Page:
Hike sentence

High Crime Rate Leads Court To Impose Long Sentence For Double Murder Convict | New

The crime crisis facing Jamaica has angered some judges so much that they tossed the book on a double murder convict, imposing the maximum sentence.

In July, the Court of Appeal ordered that Rayon Williams must serve 45 years before being eligible for parole for his second murder conviction.

“There must be tough sentences for convicted murderers who use guns to kill and have no respect for the lives of others,” a judge said. The Sunday Gleaner Last week.

Another judge said that once there were no mitigating factors, long sentences should be imposed.

But barrister John Clarke, who represents Williams on appeal, said he is taking the matter to the UK Privy Council, Jamaica’s final court of appeal, because he believes there have been highly unusual events in the two cases involving his client.

Clarke pointed out that the second case should have been remanded for trial by a jury based on new evidence presented on appeal. He also revealed that the judge who convicted Williams in his second trial was later appointed to the Court of Appeal and that judge sat on Williams’ appeal against his first conviction, which would not have should not have happened.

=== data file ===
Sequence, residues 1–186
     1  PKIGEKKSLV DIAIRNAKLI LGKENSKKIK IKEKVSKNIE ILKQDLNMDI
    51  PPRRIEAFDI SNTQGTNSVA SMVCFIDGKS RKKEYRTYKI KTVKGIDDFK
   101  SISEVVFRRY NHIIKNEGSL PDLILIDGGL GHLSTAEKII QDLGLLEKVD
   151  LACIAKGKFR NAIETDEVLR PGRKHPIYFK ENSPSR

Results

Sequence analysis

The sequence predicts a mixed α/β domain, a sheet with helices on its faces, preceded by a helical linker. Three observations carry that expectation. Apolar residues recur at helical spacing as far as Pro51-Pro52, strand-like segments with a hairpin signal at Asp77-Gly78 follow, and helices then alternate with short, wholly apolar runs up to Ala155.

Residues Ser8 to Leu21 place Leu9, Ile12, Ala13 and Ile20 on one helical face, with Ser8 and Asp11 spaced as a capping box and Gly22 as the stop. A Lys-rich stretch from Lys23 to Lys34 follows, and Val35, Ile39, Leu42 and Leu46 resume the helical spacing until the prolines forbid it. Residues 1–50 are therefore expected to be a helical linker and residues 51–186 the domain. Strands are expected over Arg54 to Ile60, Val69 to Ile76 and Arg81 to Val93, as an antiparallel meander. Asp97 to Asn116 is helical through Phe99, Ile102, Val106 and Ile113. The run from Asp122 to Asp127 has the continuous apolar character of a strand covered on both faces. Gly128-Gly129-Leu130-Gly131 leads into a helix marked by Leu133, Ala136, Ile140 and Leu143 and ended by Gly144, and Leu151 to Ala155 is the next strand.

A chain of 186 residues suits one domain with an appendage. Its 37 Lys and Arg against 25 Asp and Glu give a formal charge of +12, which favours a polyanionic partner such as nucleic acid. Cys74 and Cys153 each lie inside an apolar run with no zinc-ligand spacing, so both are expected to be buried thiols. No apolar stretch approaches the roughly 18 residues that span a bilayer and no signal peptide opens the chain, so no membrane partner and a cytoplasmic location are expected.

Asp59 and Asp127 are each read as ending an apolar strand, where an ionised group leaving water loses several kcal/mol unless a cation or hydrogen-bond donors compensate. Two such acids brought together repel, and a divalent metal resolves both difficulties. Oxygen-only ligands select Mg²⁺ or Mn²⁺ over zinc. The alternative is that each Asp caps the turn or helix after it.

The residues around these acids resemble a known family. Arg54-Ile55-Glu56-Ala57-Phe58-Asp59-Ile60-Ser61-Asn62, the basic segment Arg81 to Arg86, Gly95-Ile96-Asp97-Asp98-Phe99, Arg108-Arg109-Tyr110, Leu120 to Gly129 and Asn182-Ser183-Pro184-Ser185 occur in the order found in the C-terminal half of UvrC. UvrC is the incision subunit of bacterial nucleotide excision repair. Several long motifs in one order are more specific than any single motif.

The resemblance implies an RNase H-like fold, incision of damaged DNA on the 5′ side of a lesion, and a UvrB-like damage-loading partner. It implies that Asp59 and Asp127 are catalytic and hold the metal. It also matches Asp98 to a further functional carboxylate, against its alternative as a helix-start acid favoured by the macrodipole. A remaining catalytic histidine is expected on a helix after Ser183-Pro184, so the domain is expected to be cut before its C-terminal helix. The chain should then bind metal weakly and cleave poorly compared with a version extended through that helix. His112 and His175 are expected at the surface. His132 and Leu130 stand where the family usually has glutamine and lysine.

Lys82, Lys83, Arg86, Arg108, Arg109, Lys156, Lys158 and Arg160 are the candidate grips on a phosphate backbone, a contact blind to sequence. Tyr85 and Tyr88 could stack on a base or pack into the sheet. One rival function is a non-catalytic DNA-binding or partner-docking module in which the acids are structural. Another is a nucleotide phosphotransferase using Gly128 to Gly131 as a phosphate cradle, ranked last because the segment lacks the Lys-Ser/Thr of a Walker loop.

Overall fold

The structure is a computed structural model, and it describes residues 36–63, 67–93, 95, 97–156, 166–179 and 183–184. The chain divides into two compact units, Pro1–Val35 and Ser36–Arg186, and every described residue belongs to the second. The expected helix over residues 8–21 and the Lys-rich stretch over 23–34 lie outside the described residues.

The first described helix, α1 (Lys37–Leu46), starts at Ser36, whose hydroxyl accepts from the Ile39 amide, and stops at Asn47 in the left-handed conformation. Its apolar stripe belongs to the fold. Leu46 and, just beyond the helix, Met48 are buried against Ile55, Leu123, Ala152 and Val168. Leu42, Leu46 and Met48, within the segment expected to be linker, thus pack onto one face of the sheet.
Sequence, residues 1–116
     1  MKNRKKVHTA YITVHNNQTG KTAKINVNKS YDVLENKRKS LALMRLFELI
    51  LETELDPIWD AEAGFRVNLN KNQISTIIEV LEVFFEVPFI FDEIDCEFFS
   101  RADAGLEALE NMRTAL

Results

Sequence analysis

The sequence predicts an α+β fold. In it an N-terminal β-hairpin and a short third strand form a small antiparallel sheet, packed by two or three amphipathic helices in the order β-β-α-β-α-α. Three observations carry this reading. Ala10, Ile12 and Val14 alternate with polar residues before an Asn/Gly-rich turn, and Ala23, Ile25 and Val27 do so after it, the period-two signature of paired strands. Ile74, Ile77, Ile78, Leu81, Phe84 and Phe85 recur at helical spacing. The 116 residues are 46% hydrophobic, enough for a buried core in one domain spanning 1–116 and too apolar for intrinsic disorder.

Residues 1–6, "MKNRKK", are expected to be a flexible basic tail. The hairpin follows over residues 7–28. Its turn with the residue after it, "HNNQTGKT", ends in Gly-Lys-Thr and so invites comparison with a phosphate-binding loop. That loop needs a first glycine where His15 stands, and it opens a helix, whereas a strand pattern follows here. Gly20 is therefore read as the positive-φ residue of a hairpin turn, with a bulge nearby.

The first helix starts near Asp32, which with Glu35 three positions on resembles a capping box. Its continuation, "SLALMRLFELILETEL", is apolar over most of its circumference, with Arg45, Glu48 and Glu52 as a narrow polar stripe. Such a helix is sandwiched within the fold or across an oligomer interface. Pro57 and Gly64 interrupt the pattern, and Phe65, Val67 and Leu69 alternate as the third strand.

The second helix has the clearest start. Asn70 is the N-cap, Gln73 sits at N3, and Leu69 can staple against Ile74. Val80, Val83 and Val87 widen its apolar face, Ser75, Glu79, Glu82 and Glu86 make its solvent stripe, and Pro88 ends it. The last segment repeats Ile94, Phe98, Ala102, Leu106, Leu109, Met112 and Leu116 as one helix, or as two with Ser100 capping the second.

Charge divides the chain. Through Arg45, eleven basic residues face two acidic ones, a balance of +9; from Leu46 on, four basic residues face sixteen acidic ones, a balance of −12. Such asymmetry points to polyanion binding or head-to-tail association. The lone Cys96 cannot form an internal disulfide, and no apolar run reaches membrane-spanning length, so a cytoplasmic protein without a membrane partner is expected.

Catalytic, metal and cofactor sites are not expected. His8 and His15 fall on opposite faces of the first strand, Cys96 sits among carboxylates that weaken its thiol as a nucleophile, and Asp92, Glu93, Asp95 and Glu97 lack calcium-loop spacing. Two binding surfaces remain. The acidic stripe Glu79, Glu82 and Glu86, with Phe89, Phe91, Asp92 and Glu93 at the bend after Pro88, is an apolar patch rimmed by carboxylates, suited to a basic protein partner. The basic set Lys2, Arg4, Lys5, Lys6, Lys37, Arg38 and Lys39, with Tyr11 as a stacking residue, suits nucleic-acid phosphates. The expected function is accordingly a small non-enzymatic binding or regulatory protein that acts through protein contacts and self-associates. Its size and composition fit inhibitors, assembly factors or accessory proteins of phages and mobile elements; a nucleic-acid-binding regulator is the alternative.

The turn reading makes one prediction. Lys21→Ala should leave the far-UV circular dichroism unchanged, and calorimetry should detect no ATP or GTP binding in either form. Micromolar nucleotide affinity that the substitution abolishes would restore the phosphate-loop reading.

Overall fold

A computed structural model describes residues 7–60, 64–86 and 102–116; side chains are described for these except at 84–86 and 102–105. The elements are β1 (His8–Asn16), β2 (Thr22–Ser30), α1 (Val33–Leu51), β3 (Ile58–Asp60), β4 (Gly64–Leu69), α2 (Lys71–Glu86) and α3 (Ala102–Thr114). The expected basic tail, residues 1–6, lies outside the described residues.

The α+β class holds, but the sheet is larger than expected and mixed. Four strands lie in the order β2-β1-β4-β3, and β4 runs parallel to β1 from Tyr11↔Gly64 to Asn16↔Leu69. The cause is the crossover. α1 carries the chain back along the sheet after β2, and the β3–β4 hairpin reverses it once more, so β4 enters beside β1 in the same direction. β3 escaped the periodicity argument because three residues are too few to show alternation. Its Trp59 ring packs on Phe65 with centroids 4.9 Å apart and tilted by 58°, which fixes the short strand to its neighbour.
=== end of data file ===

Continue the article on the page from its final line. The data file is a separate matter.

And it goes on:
The attorney noted that the murders, which took place in September 2009 and December 2010, had the same eyewitness testifying in both cases.

In its decision on the matter, the Court of Appeal said that it considered that there was an element of premeditation and that an illegal firearm had been used in the commission of the offence. The court found that the offense itself was an act of extreme violence and referred to the gratuitousness of the killing.

“We identified two aggravating factors: the prevalence of gun crime in general and gun murder in particular, and a prior murder conviction. These factors would add 15 years to the theoretical sentence, which would give a period of 50 years before parole eligibility,” the court noted.

“Similarly, we have identified the appellant’s age (just under 28), his gainful employment at the time of his arrest and a dependent as mitigating factors. We assigned them the arithmetic value of five years, thus reducing the period to be served before eligibility for parole to 45 years.

The sentence is deemed to have started on June 26, 2014 and must run at the same time as the other sentence being executed.

Williams was first convicted by a jury in March 2013 of the murder of Hugh Cover in Spanish Town, St Catherine, in September 2009. After Cover was beaten by men and punched in the head, Williams used a sword to slit Cover’s throat while he “laid flattering on the floor like a fowl”, the witness said.

The witness further testified that Williams ordered one of the men “to finish removing the head” and that it was done.